Several searches of NTRS and the FAA did not reveal a direct answer, so this is an educated guess.
The Kennedy Space Center Story does confirm that the tower was painted red during the Apollo era:
Each launcher is 445 feet tall and weighs about
12,000,000 pounds. The two-story base, enclosed by battleship grey
steel plates, covers half an acre. Within the base are computers linked
with the computers in the firing room of the Launch Control Center
and also connected with other launch related equipment.
Towering over the base is the red umbilical structure; it provides
support for nine swing arms for direct access to the space vehicle,
17 work platforms and distribution lines for propellant, pneumatic,
electrical and instrumentation systems.
This source used to be available on NTRS as document 19710024295, but seems to be no longer available. The similar book Moonport makes no mention of painting or color at all.
The mention of "battleship grey" suggests that it the very same paint that is used on naval ships. Such paint has a long history of being durable and corrosion-resistant -- an important factor for a facility near the ocean. Thus, it would be the expected default paint color at KSC.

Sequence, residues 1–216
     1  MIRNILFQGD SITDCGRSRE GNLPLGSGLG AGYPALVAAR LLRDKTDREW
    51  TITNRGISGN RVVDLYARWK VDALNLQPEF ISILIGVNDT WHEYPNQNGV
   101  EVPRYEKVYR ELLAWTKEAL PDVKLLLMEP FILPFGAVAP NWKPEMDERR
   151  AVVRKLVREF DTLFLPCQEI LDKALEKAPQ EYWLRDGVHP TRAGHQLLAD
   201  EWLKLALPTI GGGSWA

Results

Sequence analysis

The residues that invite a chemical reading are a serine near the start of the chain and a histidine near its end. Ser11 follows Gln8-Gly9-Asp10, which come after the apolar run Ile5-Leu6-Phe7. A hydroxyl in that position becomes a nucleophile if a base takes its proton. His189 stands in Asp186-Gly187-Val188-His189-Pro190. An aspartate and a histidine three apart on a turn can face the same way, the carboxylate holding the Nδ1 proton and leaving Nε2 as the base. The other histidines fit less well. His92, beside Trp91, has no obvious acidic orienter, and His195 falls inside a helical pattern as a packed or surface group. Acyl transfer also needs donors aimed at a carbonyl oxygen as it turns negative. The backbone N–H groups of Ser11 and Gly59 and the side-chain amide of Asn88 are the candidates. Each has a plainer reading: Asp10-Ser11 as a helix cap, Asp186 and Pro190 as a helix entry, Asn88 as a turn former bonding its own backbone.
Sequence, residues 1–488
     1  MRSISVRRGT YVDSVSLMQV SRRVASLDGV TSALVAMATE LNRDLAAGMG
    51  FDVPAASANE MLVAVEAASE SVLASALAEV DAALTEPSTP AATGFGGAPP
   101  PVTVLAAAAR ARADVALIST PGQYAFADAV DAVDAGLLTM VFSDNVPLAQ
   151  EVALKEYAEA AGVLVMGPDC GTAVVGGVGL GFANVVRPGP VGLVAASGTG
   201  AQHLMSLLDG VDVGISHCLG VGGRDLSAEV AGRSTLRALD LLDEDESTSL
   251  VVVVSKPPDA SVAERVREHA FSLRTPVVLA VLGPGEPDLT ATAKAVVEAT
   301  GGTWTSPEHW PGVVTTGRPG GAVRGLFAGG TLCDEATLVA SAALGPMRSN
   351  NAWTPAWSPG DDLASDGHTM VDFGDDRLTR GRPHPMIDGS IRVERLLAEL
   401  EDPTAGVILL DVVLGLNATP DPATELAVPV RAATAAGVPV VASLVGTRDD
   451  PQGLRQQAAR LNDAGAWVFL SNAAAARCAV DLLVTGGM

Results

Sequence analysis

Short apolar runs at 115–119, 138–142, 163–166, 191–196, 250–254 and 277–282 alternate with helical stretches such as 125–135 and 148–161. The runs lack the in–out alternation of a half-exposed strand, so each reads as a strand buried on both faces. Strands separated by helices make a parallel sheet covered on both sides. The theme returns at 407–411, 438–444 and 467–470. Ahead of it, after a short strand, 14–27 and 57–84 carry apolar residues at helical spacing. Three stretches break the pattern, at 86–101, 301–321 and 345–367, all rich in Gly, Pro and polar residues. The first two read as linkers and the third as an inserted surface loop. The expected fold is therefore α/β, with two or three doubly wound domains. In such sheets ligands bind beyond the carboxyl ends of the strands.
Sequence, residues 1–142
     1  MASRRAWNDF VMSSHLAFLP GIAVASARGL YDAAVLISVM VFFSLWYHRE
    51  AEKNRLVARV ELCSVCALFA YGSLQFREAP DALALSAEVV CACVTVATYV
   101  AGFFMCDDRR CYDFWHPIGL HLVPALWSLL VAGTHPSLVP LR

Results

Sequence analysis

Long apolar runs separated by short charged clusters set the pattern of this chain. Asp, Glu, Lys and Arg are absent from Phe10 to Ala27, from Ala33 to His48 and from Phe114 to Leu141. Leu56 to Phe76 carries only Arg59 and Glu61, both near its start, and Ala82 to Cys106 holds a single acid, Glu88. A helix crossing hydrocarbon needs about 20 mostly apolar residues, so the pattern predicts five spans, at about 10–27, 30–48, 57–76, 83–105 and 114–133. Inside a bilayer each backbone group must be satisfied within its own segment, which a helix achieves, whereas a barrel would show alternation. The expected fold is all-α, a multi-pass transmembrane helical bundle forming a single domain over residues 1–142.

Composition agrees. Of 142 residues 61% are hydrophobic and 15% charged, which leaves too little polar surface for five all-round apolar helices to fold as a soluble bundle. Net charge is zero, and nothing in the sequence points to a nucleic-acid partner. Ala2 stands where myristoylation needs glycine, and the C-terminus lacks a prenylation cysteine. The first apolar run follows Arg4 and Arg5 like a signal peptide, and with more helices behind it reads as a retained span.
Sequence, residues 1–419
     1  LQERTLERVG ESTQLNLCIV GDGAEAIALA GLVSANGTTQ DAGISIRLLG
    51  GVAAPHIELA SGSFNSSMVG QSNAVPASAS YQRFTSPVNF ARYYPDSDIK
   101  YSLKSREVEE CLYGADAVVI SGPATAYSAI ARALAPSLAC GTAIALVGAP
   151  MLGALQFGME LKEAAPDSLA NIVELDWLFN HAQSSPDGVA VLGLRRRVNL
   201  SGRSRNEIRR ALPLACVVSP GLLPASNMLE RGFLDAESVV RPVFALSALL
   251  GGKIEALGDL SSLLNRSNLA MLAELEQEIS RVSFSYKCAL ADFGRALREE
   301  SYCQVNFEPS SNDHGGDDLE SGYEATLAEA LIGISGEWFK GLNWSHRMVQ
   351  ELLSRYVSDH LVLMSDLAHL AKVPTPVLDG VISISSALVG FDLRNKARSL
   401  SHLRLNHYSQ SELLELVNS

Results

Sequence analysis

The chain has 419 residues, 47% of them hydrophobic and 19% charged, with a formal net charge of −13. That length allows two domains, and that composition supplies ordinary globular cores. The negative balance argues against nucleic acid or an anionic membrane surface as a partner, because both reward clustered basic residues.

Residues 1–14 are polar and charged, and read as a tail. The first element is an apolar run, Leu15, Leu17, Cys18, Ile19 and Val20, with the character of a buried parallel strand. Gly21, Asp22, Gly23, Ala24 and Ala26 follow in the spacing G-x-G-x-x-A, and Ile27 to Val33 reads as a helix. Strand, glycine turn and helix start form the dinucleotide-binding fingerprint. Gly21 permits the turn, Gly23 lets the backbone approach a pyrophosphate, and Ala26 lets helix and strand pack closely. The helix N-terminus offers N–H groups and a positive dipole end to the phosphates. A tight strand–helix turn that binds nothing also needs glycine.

I suspect that the red color of the tower is a kind of aircraft warning paint. FAA rules require such paint for structures taller than 200 feet, so they are easily visible by aircraft; the mobile launch platform is 445 feet tall. The rules do allow the FAA to grant exceptions; in particular, the MLP tower is solid red, instead of alternating stripes of "aircraft orange" and white. Also, even though KSC is in a restricted airspace, NASA and the Air Force do fly in the vicinity, so it is a prudent idea to increase the visibility of the tower.
The first two Shuttle stacks were painted entirely in white, including the external tanks. It would therefore be prudent to continue to paint the towers in a highly visible red color. However, the external tanks of all of the remaining missions were unpainted. Conveniently, the natural color of the external tank insulation was an orange color, and highly visible. Thus, there was no longer a need to paint the tower red and the more reliable grey paint could be used.